Guest Post: Salmon and Pebble Mine

WC just wrapped up ten years as a Trustee for Alaska Conservation Foundation. One of the great pleasures of serving on the Board of Trustees was meeting and working with my fellow Trustees. Today’s guest blog post is a letter Trustee Michelle Ravenmoon wrote that nicely captures some of the reasons WC gave a decade to ACF. 

Dear Friend,

This spring, I left my home on the remote shores of Lake Iliamna to attend a board meeting for Alaska Conservation Foundation in Anchorage. While on a break, I learned that many of my neighbors back home in Bristol Bay were meeting with representatives of the Pebble Mine. My heart sank.

I felt helpless and very far from home as I heard for the first time that the Pebble Partnership, together with one of our local village corporations, was planning to establish a base camp to explore possible road routes through the region. The roads would allow this multinational corporation to transport gold and copper out of Bristol Bay if the proposed Pebble Mine—the largest of its kind in the world—is built.

Salmon stream near my home. Photo: Michelle Ravenmoon

Salmon stream near my home. Photo: Michelle Ravenmoon

Having left a dependable job, I questioned many things, including myself. Proponents of the Pebble Mine argue that ‘no one lives a true subsistence lifestyle anymore’ and that we ‘need money to live in rural Alaska’. Seeing the communities in my region torn apart by this controversial project, I wondered if we needed a giant business to ‘save’ us from a lack of economic growth? I also wondered what role conservation had in my homeland and in my own way of life. Could I live from the land? How much income did I really need?

The first summer I was home alone, I netted fresh sockeye salmon, bright silver with red meat, as they arrived in my local bay. I dried, smoked and canned them. I removed the oil stove from my house and exchanged it for a wood stove. I spent autumn picking berries, making preserves and cutting wood. Throughout the first winter I ate trout, grouse, porcupine and homegrown vegetables. My third year home, I harvested a moose. My dad often said that we lived in the land of plenty; I believe that if we are respectful and responsible in our harvests from the land, the land fulfills our needs.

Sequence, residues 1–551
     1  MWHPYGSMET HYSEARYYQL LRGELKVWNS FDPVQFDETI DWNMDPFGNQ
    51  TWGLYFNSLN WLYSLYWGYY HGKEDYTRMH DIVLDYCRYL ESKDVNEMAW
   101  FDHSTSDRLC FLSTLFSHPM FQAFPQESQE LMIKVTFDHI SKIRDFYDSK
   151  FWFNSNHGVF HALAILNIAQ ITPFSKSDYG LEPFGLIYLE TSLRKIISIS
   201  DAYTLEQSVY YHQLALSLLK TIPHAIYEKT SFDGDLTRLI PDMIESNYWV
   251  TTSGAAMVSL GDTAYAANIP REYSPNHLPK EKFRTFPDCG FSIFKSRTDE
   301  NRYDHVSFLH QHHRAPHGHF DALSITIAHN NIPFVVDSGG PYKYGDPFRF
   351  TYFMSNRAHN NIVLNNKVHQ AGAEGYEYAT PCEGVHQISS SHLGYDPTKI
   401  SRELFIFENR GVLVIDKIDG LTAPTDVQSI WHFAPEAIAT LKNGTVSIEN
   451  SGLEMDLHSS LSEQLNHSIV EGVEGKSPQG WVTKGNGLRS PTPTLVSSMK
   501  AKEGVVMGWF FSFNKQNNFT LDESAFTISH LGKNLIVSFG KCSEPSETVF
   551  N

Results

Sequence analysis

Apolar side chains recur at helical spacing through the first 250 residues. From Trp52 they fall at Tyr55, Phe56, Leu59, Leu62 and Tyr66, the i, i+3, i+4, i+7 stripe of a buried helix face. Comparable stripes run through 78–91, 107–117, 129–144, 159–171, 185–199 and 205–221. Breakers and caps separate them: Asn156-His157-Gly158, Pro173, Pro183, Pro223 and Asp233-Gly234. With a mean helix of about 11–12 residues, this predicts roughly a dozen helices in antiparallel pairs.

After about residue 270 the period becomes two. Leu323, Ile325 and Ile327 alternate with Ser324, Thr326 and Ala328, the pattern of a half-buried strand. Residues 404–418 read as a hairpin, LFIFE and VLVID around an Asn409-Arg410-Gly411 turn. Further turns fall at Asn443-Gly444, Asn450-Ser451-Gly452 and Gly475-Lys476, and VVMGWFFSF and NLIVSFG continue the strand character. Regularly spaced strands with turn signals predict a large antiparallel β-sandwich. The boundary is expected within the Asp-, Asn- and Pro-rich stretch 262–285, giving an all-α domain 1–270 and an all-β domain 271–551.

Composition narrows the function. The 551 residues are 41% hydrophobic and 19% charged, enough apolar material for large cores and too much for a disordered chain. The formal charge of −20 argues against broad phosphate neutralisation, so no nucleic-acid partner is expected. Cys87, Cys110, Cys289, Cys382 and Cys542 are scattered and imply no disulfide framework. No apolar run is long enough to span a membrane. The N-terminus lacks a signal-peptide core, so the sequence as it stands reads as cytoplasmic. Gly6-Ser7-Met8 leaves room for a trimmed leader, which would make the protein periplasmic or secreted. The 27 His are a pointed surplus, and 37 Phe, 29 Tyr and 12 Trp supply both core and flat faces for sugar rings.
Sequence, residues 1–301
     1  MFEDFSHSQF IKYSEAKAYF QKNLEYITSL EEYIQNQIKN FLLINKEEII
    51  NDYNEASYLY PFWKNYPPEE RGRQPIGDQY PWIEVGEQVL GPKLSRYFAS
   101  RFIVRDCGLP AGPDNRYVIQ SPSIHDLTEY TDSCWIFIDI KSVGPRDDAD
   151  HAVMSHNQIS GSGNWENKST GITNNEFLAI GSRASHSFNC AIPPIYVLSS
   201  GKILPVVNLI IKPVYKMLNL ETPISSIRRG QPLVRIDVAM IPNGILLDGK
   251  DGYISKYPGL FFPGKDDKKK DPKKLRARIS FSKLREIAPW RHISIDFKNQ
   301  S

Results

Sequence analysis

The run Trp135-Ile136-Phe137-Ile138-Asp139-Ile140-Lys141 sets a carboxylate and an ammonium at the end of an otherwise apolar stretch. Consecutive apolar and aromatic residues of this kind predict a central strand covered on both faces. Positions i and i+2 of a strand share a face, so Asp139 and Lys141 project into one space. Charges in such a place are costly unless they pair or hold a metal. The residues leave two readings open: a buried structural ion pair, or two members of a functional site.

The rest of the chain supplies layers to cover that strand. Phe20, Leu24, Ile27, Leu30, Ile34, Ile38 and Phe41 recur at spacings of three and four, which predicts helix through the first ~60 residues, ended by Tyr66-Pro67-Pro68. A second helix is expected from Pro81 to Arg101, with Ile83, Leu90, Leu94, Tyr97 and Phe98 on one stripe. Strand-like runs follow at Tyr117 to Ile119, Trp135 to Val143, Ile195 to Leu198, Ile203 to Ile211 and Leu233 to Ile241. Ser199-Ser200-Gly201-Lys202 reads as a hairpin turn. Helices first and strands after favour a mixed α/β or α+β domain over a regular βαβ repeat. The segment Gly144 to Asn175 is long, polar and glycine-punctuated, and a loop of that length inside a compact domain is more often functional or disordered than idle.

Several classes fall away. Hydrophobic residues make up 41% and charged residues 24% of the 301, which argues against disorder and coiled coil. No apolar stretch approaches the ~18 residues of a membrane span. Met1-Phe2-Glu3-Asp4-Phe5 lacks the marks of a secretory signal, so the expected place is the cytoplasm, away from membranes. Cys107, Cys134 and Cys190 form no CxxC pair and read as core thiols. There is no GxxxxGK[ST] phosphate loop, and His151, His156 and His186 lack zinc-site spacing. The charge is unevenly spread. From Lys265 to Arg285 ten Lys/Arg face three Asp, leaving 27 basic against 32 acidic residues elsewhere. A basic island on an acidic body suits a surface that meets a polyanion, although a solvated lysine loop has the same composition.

Michelle Ravenmoon

Michelle Ravenmoon

My return home was healing and rejuvenating for me in every way. Not many people can say they live in a place where their ancestors have lived for thousands of years on essentially the same foods. Here, I found the answers to my questions as I gained confidence in myself. I have discovered my strength and tenacity to live, and live well. We, as people of Bristol Bay, all have that same strength. We can define our own future—one based on economic opportunities that don’t force us to compromise our values or our unique way of life. Do we need a large mine in our region to save us? Absolutely not.

I am proud to serve on the board of Alaska Conservation Foundation. For more than a decade, this organization has been a critical ally to communities across Bristol Bay, funding and strategically supporting efforts to ensure our local voices are heard in the long-standing effort to defend against the proposed Pebble Mine. For nearly four decades, we have also supported both the Gwich’in people as they defend the Arctic Refuge from oil and gas development, and the residents of Southeast Alaska working to end industrial-scale logging in the Tongass National Forest.

In a time of grave threats to our public lands and the uncertainties of a changing climate, Alaska Conservation Foundation is doing more than supporting advocacy and legal defense. We are also supporting communities working to define and build resilient futures—futures that include strong land management for our wildlands and access to renewable energy, local food security and clean water.

Alaska Conservation Foundation is committed to protecting Alaska’s natural environment and the ways of life it sustains. Please join me in continuing to support their critical work. Together we are a powerful force in ensuring a healthy wild Alaska forever.

Thank you for your care and concern for Alaska—the land of plenty and my beloved home.

Michelle Ravenmoon

Michelle Ravenmoon, Trustee
Alaska Conservation Foundation


One thought on “Guest Post: Salmon and Pebble Mine

  1. 1. Pebble mine will not kill any fish

    2. Much more copper is needed for clean energy like electric cars

    3. If copper doesnt come from a modern, clean US mine it will come from child labor in 3rd world countries.

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